Let’s play a guessing game. Taking Europe as an example, how much funding for tech startups do you think goes to all-male teams? 50%? 70%?
Not even close. According to a report from venture capital firm Atomico, the number is 93% – and these aren’t outdated numbers, they cover the year 2018. In other words, very nearly ALL money invested in tech startups this year went to all-male teams.
How can that be?
This paints an extremely bleak picture – equality, diversity and equal opportunities have never been more important than they are now… and yet the reality is, that there is still so much left to be done. Startups are a relatively recent trend, at least in the way we have them now. Despite this, in some ways, they can be far less inclusive than other types of businesses, and that simply doesn’t need to be the case.
At a time where more women than men earn college degrees and more and more efforts are made to draw women into STEM education (and thus, into technology), qualified women are out there, they simply don’t quite seem to achieve the same success as their male counterparts do. This can be for a variety of reasons if we look at individuals, but when it comes to the broader picture, there is an undeniable trend: For all that tech startups often try to impress with their snack bars, yoga Thursdays and what not, they are often a less than friendly environment for women.
This problem doesn’t look the same way it did a few decades ago – that can actually make it more difficult to recognize it as a problem. Still, the reality is that it is a problem, and one that can only be solved by one group of people: Women.
If you’ve got girl power in the team you can achieve a lot
Strong, successful role-models have already made all the difference in other areas and have led the way many times in history. Thankfully, many such women have already begun this journey and are headed down this path, but in order for those staggering 93% to lower to something reasonable, it will take as many skilled women as possible.
Also interesting: Booth Babes and Women in Tech
Change isn’t easy, and neither is leaning up against stereotypes or societal pressure – thankfully, there are countless women that have already taken the first step. Whether it’s joining an existing startup in the technology industry or founding a new one, change can only happen through actions. In this case, the actions of brilliant, female minds.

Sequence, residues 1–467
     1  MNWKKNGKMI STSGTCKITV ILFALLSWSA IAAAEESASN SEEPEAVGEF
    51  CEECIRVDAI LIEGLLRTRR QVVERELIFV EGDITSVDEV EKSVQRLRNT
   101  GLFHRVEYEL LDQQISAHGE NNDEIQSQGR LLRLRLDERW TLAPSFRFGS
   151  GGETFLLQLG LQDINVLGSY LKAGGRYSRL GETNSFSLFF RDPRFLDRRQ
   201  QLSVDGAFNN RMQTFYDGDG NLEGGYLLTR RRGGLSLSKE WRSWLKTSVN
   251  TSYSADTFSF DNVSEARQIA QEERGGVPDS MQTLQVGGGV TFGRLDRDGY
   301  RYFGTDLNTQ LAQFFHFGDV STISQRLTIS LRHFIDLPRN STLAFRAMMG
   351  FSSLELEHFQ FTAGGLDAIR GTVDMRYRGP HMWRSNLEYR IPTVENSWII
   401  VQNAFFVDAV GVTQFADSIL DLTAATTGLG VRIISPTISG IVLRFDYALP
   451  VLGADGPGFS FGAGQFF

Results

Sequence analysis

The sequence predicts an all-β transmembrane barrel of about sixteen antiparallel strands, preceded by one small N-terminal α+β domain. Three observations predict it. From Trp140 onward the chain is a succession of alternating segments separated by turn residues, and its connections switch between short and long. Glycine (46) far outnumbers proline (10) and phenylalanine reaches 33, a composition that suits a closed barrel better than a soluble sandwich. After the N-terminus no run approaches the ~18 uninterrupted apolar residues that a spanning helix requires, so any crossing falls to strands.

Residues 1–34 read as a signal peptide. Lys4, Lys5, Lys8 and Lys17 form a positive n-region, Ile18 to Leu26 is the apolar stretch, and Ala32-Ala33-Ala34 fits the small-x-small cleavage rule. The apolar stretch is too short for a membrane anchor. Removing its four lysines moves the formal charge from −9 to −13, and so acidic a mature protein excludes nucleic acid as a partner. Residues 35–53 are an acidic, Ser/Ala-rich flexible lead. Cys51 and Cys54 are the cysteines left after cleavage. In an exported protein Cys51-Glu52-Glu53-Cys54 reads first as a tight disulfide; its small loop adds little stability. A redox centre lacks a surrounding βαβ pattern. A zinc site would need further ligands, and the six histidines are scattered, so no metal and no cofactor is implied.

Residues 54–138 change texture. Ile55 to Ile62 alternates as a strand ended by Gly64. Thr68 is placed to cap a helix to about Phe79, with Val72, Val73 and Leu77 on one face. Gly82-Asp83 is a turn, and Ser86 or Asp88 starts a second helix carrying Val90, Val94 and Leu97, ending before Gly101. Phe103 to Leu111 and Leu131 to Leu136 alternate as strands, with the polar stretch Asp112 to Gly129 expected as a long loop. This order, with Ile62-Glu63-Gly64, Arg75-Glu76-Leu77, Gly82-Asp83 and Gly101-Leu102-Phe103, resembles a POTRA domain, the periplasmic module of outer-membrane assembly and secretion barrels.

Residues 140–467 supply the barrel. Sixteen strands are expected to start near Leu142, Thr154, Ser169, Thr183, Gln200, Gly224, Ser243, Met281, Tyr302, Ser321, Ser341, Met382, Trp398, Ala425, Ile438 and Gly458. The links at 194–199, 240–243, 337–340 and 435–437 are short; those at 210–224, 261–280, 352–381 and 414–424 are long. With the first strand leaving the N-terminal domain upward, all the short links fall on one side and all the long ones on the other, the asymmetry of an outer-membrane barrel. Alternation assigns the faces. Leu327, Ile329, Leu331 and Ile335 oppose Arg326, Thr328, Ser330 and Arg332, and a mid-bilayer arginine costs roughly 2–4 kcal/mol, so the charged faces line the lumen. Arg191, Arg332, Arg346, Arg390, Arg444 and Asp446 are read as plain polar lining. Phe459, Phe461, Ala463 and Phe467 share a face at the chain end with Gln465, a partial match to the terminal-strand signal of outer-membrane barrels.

Rather than simply encouraging friends, colleagues or even children, women should ask themselves whether there is a place for them in this industry as well… and if there isn’t whether they can carve out a niche for themselves. The answer is probably going to be yes.
Here are some amazing tech startups from around the world led by women – just to show it’s possible.
Tech startup spotlight
EmptyTrips (South Africa)
Founder: Benji Coetzee
Through machine learning and smart matching algorithms, EmptyTrips creates a marketplace where shippers, agents, and transport carriers can easily connect and pool resources, and even store or insure themselves for higher efficiency and a significantly improved carbon footprint.
Fove Inc (US and Japan)
Founder: Yuka Kojima
Fove created the first consumer-friendly priced VR headset with complete eye-tracking technology to rival the ‘big names.’
Hatch Apps (United States)
Co-founder: Amelia Friedman
Hatch Apps allows users to launch native apps for iOS, Android and the web with no coding required, through the use of an app framework.
Co-founder: Judith Gampe
The first Bluetooth headset that can be integrated into earrings with a built-in speaker, microphone, and volume control – in other words, wearable technology.
Womena (United Arab Emirates)
Co-founder: Elissa Freiha
Womena is a platform that promotes diversity and inclusion in entrepreneurship in the Middle East – traditionally a very difficult area for women to break into.
Co-founder: Laura Mendoza
Quick and affordable diagnostic and disease surveillance technology for diseases which allow medical professionals to diagnose certain diseases directly, in less than 15 minutes, is what Unima makes so interesting.
Which is your favorite?
Photo credit: The feature image has been done by Andrea Piacquadio. The hicking photo has been done by Jason Blackeye. The motivational girl boss image has been done by Gerd Altmann.
Source: Report by Atomico
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